These leaflets were proactively destroyed by the Soviet political commanders to prevent total capitulation of the Red Army. Any Soviet soldier found in possession of these surrender leaflets were shot to death immediately. Translation of text in Russian as follows: "Soldiers of the Leningrad front! Only a month ago you received a medal for liberation of "the city of Lenin," and now you suddenly again forced to go to your death to liberate the same Leningrad! Already in the Spring 250,000 of Russian soldiers were killed or wounded for this so called "liberation" and now look how many of your comrades died in the past few days of your offensive. Why would you die? So your wives and children, your fathers and mothers further starve? So Jews and their friends further took the last grain from starving farmers? Drop your weapons! Defect to Us! Many of your commanders already defected to us and they now know that your commissars lie about terrible conditions in German POW camps. The more of you surrender and defect to us the sooner this terrible war to end and the hated Bolshevism rule to end and to begin a new happy life for the Russian People!"
British propaganda: the Napoleon myth - mikerendell.com: "In just about every cartoon of Napoleon the Emperor is shown as being of below-average height. Cartoonists loved to belittle the man – and yet he was five feet six inches tall (at a time when the average Frenchman was three inches shorter than this!) We even talk of a ‘Napoleon Complex’ (short man, big chip on shoulder) and yet his lack of stature seems to have been a product of British propaganda. Perhaps it stemmed from the fact that he surrounded himself with officers from the Imperial Guard, who were chosen for their tall stature and whose height was then topped by plumed helmets. But I suspect it was all down to an attempt to make Napoleon appear weaker and more insignificant – the equivalent of the Second World War contention that Hitler only had one, and that Himmler was very similar…As an example of a beautifully scurrilous cartoon here is
one of my favourites: taken from Teggs Caricatures and entitled 'The Arch Dutchess Maria Louisa going to take her Nap.' The Emperor had divorced his first wife Josephine, and had chosen as his new bride someone he had never met and who only learned of her betrothal after the French and Austrian governments had already completed all negotiations. Maria Louisa was only nineteen, and had been brought up to detest the French, so her marriage must have been something of a shock to her system to say the least. But ‘she did her duty’ and bore a son within a year of marrying the Emperor in 1810. The cartoon shows her in bed, feet sticking out at the bottom, while she says 'My Dear Nap: your bed accommodations are very indifferent! Too short by a yard! I wonder how Josephine put up with such things even as long as she did!!!' to which ‘Nap’ replies: 'Indeed Maria I do not well understand you: the Empress Josephine who knew things better than I hope you do, never grumbled. La Diable! I will never be able to get what I want after all!!!' There is of course the underlying implication that Maria Louisa is talking, not about the length of the bed, but about her husband’s manhood. His first wife Josephine knew about ‘these things’ because of her allegedly adulterous affairs, whereas he hoped that the virtuous Maria Louise was a complete innocent! Poor Napoleon: in his first marriage he was ridiculed for being unable to satisfy his wife’s demands (we still chuckle at the thought of 'Not tonight Josephine') and in his second marriage the cartoonists suggest that he wasn’t getting it at all ! It just goes to show, there is nothing new under the sun about making jokes about the lack of sexual prowess of your enemy!" Image from article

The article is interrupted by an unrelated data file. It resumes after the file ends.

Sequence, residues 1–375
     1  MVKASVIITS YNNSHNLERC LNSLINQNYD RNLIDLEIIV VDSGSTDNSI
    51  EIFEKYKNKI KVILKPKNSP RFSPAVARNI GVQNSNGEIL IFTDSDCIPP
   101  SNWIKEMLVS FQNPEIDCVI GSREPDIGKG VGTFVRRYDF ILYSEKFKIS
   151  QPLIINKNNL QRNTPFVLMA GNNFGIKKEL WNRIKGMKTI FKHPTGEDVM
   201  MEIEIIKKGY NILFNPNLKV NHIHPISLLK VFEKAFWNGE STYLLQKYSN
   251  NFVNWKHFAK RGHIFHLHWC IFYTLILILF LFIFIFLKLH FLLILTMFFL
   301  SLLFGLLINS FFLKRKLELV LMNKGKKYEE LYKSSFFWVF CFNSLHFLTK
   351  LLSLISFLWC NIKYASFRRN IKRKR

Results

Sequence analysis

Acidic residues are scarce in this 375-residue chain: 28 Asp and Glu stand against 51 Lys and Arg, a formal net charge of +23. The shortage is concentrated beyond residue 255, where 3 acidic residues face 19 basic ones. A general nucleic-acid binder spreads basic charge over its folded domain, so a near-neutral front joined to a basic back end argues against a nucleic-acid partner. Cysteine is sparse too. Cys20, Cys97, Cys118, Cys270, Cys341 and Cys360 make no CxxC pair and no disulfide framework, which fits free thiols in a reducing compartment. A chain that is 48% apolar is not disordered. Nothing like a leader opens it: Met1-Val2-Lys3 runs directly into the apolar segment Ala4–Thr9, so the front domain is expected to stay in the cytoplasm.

--From; on American dentistry, please see.
--Via RB on Fcebook